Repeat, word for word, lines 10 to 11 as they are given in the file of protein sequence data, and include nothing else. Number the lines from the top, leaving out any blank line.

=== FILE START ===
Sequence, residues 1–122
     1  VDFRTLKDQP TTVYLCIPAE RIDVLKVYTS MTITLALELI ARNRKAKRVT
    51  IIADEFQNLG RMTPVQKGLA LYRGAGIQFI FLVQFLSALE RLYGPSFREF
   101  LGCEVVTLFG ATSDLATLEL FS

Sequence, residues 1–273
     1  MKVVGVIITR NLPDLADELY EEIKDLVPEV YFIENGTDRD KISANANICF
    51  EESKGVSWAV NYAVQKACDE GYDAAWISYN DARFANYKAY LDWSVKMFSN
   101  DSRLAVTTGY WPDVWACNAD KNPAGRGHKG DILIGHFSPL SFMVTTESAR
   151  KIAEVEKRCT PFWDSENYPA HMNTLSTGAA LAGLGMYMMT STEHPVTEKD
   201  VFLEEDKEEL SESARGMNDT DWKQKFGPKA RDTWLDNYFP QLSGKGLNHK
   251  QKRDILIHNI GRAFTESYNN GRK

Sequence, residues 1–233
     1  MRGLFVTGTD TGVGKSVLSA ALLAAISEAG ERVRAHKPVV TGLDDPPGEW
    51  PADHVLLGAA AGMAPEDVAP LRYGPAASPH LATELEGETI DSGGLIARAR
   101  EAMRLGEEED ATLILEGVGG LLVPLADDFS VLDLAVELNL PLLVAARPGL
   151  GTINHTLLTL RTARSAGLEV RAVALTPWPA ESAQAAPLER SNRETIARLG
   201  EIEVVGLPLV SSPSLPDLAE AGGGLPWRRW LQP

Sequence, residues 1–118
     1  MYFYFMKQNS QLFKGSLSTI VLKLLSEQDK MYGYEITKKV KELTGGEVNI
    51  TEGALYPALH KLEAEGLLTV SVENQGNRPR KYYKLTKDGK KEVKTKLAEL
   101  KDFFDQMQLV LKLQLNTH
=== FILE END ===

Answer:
   201  VFLEEDKEEL SESARGMNDT DWKQKFGPKA RDTWLDNYFP QLSGKGLNHK
   251  QKRDILIHNI GRAFTESYNN GRK